Indeed, even if the administration were united in its desire to roll back sanctions, recent legislative proposals could prevent it from doing so. Anti-Trump Democrats and Republicans have latched onto Russia as a key point of resistance. Both houses of Congress have introduced their own protective measures—the Russia Sanctions Review Act (S.341/H.R.1059) and the Counteracting Russian Hostilities Act of 2017 (S.94). Though there are substantive differences between the proposed acts, they limit the executive’s power to roll back sanctions through a variety of channels, whether by requiring congressional reviews or outlining strict guidelines for “a very robust sanctions regime.”

In the end, the question is how much—if anything—did Russia expect from Trump? Whether or not there was a quid pro quo between the campaign and Russian authorities, as has been alleged by some (admittedly unverified) sources, is less important than whether Russia expected Trump to act in its interests. Yes, “Trump and his entire campaign team are precisely the kinds of fringe characters that Russians have traditionally cultivated,” writes Masha Gessen in the New York Review of Books. But there’s a crucial disclaimer attached to that point: these efforts often have “no measurable effect.”

Although the mainstream media narrative about Trump’s Russia ties has been fairly linear, in reality the situation appears to be anything but. As Evan Osnos of the New Yorker recently noted on Fresh Air, Russia’s interference—far from having a clear goal, at least at first—“was a little bit like a bank heist that instead of blowing the door off the safe and getting inside, they sort of inadvertently blew up the safe entirely.” Now it’s a matter of picking up the pieces.

Share RightWeb

Featured Profiles

Mitt Romney, former governor of Massachusetts and two-time failed presidential candidate, is a foreign policy hawk with neoconservative leanings who appears set to become the next senator from Utah.


Vin Weber, a former Republican congressman and longtime “superlobbyist” who has supported numerous neoconservative advocacy campaigns, has become embroiled in the special prosecutor’s investigation into the Donald Trump campaign’s potential collusion with Russia during the 2016 presidential election.


Jon Lerner is a conservative political strategist and top adviser to US Ambassador to the UN Nikki Haley. He was a key figure in the “Never Trump” Campaign, which appears to have led to his being ousted as Vice President Mike Pence’s national security adviser.


Pamela Geller is a controversial anti-Islam activist who has founded several “hate groups” and likes to repeat debunked myths, including about the alleged existence of “no-go” Muslim zones in Europe.


Max Boot, neoconservative military historian at the Council on Foreign Relations, on Trump and Russia: “At every turn Trump is undercutting the ‘get tough on Russia’ message because he just can’t help himself, he just loves Putin too much.”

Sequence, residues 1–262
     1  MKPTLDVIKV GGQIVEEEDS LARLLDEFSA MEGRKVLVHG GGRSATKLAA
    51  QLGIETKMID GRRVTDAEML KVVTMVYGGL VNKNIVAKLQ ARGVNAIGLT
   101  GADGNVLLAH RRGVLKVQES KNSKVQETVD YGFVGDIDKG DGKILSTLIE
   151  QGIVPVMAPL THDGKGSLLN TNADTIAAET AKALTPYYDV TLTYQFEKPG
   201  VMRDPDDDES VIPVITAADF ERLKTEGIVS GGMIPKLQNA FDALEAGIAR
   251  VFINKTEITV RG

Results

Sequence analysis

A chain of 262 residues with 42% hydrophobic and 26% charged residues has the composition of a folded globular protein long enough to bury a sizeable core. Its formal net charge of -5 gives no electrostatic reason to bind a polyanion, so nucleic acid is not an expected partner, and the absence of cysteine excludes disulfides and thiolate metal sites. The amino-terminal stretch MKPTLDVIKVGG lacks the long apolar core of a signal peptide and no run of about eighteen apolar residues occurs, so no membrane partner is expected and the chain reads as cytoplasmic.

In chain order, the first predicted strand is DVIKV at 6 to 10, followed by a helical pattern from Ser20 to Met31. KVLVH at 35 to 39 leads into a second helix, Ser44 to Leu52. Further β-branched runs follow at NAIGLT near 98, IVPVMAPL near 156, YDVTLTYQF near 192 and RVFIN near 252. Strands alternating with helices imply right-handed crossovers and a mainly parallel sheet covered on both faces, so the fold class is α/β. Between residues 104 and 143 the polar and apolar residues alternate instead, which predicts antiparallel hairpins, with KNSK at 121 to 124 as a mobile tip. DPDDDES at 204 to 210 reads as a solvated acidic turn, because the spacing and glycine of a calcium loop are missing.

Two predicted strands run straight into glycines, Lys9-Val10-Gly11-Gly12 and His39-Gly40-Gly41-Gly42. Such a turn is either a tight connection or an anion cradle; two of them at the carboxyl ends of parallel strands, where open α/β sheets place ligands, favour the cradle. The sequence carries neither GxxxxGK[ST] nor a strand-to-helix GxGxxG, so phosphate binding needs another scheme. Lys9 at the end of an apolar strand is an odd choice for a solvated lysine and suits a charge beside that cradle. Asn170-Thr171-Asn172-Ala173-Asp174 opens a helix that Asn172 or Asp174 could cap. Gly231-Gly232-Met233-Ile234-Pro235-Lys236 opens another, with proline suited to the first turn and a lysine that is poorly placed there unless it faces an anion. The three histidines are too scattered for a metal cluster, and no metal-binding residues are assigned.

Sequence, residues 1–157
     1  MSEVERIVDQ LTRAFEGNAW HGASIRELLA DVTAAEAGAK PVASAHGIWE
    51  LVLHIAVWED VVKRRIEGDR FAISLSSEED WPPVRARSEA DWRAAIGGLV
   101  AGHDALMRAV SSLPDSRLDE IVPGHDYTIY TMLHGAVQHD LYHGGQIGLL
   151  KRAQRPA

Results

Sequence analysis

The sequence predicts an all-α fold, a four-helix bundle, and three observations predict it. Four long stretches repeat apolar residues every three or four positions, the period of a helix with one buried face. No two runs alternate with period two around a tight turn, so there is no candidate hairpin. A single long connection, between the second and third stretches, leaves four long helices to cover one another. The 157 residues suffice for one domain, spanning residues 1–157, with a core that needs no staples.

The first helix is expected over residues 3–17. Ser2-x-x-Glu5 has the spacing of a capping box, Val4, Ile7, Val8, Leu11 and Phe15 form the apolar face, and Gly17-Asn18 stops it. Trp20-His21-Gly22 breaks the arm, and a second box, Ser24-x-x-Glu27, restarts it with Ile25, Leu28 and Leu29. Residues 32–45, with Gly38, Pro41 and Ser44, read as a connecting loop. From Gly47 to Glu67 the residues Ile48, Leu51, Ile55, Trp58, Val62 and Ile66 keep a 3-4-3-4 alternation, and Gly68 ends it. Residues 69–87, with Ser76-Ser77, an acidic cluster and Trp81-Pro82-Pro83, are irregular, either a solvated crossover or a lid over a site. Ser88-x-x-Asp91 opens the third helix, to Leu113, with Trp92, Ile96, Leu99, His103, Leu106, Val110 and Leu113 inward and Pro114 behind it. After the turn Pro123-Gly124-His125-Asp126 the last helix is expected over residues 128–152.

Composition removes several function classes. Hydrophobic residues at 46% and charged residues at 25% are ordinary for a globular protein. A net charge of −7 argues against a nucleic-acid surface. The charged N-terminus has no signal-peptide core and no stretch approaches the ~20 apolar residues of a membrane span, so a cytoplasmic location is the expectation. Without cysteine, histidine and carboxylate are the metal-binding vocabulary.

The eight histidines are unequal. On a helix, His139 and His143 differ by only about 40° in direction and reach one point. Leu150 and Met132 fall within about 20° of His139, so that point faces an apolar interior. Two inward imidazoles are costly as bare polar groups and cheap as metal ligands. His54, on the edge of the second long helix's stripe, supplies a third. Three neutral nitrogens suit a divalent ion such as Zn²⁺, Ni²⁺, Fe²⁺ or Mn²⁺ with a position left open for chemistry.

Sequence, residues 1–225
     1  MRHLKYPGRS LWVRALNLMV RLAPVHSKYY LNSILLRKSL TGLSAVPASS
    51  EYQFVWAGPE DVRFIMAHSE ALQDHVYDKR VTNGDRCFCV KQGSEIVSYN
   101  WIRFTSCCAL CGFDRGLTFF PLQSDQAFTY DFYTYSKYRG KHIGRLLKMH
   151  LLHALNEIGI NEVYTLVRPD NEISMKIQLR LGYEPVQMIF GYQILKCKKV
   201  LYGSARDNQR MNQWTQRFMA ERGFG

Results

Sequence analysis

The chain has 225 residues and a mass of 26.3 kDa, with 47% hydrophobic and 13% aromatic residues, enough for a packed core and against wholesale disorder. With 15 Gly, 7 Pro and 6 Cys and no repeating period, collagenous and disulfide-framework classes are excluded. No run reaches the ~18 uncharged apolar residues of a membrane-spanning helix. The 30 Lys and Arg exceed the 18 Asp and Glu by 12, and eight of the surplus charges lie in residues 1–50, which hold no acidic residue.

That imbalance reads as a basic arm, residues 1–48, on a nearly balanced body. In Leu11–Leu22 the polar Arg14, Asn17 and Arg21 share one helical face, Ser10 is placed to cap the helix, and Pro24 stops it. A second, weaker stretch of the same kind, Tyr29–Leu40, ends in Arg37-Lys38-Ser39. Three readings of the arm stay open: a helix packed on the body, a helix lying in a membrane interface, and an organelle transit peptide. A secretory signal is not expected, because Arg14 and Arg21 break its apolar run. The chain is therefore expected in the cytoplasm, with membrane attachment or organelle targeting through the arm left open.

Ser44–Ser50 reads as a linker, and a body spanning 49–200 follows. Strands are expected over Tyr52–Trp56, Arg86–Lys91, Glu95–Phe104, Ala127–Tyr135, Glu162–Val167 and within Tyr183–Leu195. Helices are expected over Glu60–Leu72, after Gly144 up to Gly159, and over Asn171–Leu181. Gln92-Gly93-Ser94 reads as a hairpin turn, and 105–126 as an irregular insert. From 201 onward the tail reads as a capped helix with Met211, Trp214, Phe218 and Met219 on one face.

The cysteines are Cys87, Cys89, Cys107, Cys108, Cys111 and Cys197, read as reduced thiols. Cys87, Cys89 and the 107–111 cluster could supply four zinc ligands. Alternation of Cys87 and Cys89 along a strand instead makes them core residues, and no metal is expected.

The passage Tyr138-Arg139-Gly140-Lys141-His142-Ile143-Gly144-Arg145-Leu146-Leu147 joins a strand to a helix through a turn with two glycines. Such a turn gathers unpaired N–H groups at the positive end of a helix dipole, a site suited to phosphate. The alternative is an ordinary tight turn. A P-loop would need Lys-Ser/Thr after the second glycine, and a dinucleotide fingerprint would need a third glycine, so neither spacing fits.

Although overlooked by President Trump for cabinet post, Gingrich has tried to shape affairs in the administration, including by conspiring with government officials to “purge the State Department of staffers they viewed as insufficiently loyal” to the president.


Former Sen Mark Kirk (R-IL) is an advisor for United Against Nuclear Iran. He is an outspoken advocate for aggressive action against Iran and a fierce defender of right-wing Israeli policies.


For media inquiries,
email rightwebproject@gmail.com

From the Wires

Print Friendly, PDF & Email

Other than the cynical political interests in Moscow and Tehran, there is no conceivable rationale for wanting Bashar al-Assad to stay in power. But the simple fact is, he has won the war. And while Donald Trump has reveled in positive press coverage of the recent attacks on the country, it is clear that they were little more than a symbolic act.


Print Friendly, PDF & Email

The reality is that the Assad regime is winning the Syrian civil war, and this matters far less to U.S. interests than it does to that regime or its allies in Russia and Iran, who see Syria as their strongest and most consistent entrée into the Arab world. Those incontrovertible facts undermine any notion of using U.S. military force as leverage to gain a better deal for the Syrian people.


Print Friendly, PDF & Email

An effective rhetorical tool to normalize military build-ups is to characterize spending increases “modernization.”


Print Friendly, PDF & Email

The Pentagon has officially announced that that “long war” against terrorism is drawing to a close — even as many counterinsurgency conflicts  rage across the Greater Middle East — and a new long war has begun, a permanent campaign to contain China and Russia in Eurasia.


Print Friendly, PDF & Email

Revelations that data-consulting firm Cambridge Analytica used ill-gotten personal information from Facebook for the Trump campaign masks the more scandalous reality that the company is firmly ensconced in the U.S. military-industrial complex. It should come as no surprise then that the scandal has been linked to Erik Prince, co-founder of Blackwater.


Print Friendly, PDF & Email

As the United States enters the second spring of the Trump era, it’s creeping ever closer to more war. McMaster and Mattis may have written the National Defense Strategy that over-hyped the threats on this planet, but Bolton and Pompeo will have the opportunity to address these inflated threats in the worst way possible: by force of arms.


Print Friendly, PDF & Email

We meet Donald Trump in the media every hour of every day, which blots out much of the rest of the world and much of what’s meaningful in it.  Such largely unexamined, never-ending coverage of his doings represents a triumph of the first order both for him and for an American cult of personality.


RightWeb
share